Having your talents recognised in prestigious national award is always a great career moment, and Connor Pringle is riding high, having been Highly Commended in the flat roofing category of the 2019 BMI Apprentice of the Year competition.
As you might expect, New Charter Building Company apprentice, Connor Pringle is pretty chuffed about his recent performance at the BMI Apprentice of the Year competition. He was only a whisker away from clinching the title in the flat roofing category – so close, in fact, that he was an absolute shoe-in for a Highly Commended award from the judges.
Inevitably, Connor is supremely upbeat about the experience and what it gave him. “Entering the competition and getting into the final 20 was great and that close to winning overall confirms I’ve found a trade that I’ve got a talent for,” he says.
Competing against the top apprentices in the country boosted his ambitions and confirmed that he has a future in roofing. “I’m more confident now, I know what I’m doing and I’ve got more faith in my own judgment, so if I spot a problem of any sort I know that I’ll be right and I’ll know how to fix it,” he continues. “Taking part in the competition cemented the fact that I now know that I want to set up my own business one day and have multiple and have a few vans on the go – maybe even become a household name!”
Finding a trade was very important for Connor: it is why he left the Army despite having been set on a military career since being a boy. “I’d always wanted to go into the military, so I joined straight from school and I loved every second of it but, then I realised that I’d have nothing to fall back on,” he says. “Because I was less than 18 years old I was able to leave and go job-hunting.”
So the plan was simply to find a job where he would be trained, qualify and then re-join the Army. The job he got was almost by chance .
The New Charter Building Company (NCBC – part of the Jigsaw Homes Group) had a vacancy for an apprentice roofer and fitted Connor’s needs on several counts. It is based in Dukinfield in Greater Manchester and so only a short distance from his home, and it is a large company with the resources to match. NCBC operates as a direct labour organisation providing services for the Jigsaw Homes Group, which owns more than 33,000 in the North West and the East Midlands.
For Connor it was clear from the start that he had find something that he really enjoyed and that roofing was the trade for him.
“I enjoy the graft and the variety – every roof’s different and you have to think about how you approach each one. Because I’m interested in the work, I picked up the skills quite quickly. It’s also an outdoor job, which is important because I couldn’t cope with being stuck in an office,” he admits. “Plus, you get to meet so many different people every day.”
NCBC sent Connor to Bolton College as part of his training and roofing tutor Luke O’Gorman soon spotted his potential and suggested that Connor should enter the BMI Apprentice of the Year competition.
“I didn’t think anything of it, so it was a surprise when Luke rang me to say that I’d been shortlisted,” Connor recounts, “though he did say he thought I’d have a good chance of winning.”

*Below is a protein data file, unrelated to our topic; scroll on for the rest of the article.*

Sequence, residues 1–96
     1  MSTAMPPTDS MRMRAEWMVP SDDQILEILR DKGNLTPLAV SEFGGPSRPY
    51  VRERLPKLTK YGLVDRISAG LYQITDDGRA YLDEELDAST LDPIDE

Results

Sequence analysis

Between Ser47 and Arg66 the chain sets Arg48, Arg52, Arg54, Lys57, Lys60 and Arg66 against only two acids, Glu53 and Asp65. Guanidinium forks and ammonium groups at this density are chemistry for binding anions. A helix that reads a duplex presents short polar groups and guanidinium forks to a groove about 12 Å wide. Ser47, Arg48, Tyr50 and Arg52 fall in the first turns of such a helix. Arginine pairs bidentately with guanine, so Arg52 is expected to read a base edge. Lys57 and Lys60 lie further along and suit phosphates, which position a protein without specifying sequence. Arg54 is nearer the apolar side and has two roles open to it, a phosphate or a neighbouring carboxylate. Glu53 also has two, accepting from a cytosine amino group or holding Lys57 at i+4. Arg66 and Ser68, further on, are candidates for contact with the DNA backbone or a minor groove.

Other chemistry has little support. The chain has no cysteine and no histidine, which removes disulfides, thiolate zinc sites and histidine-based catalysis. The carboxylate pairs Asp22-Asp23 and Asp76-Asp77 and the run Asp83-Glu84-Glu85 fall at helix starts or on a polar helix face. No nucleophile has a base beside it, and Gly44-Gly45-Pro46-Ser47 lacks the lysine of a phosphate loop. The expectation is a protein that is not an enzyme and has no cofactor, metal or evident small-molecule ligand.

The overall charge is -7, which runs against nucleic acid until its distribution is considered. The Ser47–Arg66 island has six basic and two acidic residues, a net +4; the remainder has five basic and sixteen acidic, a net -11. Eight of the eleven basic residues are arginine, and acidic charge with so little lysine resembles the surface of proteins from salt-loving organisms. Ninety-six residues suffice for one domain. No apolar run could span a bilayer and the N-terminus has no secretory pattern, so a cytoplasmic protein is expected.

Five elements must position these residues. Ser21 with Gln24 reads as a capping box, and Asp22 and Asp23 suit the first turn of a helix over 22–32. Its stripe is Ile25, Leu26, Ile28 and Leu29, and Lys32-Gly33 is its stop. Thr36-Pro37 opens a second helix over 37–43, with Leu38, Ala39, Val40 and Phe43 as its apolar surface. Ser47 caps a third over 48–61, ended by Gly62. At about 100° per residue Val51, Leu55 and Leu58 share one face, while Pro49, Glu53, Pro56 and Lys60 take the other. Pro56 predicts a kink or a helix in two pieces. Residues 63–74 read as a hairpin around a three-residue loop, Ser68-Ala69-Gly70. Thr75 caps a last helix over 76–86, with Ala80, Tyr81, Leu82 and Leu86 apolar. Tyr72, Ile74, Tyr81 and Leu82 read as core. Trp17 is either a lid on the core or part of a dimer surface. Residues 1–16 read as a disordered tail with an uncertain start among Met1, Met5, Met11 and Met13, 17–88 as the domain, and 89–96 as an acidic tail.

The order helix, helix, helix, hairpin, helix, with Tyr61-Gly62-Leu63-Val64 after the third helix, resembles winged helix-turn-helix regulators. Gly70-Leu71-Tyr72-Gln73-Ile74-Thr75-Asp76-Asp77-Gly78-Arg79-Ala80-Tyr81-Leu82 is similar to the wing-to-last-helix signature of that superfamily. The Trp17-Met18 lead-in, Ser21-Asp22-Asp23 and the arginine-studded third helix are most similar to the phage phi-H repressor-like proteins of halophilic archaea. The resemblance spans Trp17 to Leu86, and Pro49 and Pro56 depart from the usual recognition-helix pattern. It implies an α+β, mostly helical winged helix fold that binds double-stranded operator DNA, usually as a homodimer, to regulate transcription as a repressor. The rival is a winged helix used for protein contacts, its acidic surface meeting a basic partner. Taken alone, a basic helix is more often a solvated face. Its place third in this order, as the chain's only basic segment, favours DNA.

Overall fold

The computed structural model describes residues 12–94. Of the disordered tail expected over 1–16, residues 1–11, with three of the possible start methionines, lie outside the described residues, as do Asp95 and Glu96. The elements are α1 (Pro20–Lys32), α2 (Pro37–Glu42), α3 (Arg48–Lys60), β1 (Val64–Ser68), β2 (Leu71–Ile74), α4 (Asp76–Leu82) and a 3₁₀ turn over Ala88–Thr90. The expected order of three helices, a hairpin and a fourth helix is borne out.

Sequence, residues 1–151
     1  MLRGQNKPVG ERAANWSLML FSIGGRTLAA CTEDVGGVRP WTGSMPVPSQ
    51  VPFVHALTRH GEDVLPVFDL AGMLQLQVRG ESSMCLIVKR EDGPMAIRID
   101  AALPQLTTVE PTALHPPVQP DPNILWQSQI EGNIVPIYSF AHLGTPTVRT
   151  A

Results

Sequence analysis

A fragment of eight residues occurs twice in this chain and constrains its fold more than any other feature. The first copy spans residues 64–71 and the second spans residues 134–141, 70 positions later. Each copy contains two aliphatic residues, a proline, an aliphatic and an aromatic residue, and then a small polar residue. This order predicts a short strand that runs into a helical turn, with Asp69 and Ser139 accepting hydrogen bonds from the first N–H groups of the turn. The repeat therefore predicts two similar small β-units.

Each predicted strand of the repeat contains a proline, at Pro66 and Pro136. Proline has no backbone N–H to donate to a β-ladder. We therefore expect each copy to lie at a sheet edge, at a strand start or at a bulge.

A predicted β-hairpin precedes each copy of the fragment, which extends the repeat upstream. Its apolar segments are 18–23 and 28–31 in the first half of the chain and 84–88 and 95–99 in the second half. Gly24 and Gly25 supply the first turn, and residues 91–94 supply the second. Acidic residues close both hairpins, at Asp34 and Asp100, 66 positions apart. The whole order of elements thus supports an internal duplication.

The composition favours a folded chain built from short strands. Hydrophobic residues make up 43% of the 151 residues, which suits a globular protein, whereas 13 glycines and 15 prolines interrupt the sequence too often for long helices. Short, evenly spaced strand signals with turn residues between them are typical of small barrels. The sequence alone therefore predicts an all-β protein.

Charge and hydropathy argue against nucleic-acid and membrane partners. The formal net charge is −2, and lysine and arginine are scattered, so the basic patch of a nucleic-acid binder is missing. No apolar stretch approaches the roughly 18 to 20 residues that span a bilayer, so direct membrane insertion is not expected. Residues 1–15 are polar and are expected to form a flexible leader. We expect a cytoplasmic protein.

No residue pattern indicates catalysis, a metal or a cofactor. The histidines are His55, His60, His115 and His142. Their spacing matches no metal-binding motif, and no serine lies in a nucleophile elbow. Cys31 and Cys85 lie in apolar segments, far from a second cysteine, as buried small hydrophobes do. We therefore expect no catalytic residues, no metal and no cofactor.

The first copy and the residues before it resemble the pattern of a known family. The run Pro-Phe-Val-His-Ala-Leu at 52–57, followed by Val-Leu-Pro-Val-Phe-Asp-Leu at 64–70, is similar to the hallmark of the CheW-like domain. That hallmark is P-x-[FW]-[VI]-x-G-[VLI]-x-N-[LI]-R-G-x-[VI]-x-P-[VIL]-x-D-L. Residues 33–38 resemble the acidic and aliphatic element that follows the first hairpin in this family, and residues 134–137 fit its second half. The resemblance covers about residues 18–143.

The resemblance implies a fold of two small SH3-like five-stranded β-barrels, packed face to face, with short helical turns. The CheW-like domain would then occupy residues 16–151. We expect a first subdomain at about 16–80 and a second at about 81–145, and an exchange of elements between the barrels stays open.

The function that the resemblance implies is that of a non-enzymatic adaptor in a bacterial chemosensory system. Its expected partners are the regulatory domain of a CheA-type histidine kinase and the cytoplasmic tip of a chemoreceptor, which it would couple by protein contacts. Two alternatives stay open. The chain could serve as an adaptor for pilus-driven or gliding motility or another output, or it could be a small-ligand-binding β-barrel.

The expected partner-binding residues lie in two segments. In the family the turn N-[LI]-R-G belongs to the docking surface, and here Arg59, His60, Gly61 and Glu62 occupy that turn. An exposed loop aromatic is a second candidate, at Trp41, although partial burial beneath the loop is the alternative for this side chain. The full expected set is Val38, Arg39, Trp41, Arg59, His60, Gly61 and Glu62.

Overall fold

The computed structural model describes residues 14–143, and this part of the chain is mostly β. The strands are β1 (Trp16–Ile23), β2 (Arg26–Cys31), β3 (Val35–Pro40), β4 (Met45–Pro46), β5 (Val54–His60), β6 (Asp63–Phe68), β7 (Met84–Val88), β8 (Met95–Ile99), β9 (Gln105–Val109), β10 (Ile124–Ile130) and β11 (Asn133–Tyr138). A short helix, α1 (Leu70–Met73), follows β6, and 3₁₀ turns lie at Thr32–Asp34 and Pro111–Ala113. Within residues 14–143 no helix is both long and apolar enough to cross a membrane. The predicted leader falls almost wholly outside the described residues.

Connor’s manager, Paul Fisher, was not surprised. “Connor’s pretty mature and good at his work so when the college rang up to ask if he could have two days off to compete I was pleased but not shocked,” says Paul, who is the contracts manager for investment works.
But the important part of the Apprentice of the Year is that the competition is also an education in itself, as Connor found out. “It was really amazing,” he says, “You learnt so much and got such an insight into running a business. It’s all well and good having the skills to lay a roof, but you need the ability to tell the customer about any issue, what the solution is and how to go on from there.”
And this is one of the reasons that Luke encourages his students to enter the competition. “We saw the difference in those who entered last year – they were more confident and they could present themselves that much better when they came back to college.”
And, Connor’s boss, Paul has much the same impression. “He’s more confident in his abilities, his customer service skills have improved and he’s more the complete package,” he notes.
In fact, Paul reckons that Connor could follow a similar path to another colleague who did well in a previous competition and is now training to be a site manager. While Connor may follow that career path, the competition, which involved many of the skills required to run your own business, means is also has another direction in mind. “It might take five to 10 years but I really would like to set up my own business, starting in Greater Manchester and then branching out into the rest of Northern England,” he says.
“The thing with roofs is that when people have a problem they don’t let it fester, they want it sorted, so it’s not like other trades where you might be brought in just to give a price. So, if you get a name for reliability and good workmanship then I reckon you can do well and grow a business quickly.”
And that goes to show that contestants in the BMI Apprentice of the Year competition will always come away with something far more valuable than the prizes, something you cannot put a price on: ambition.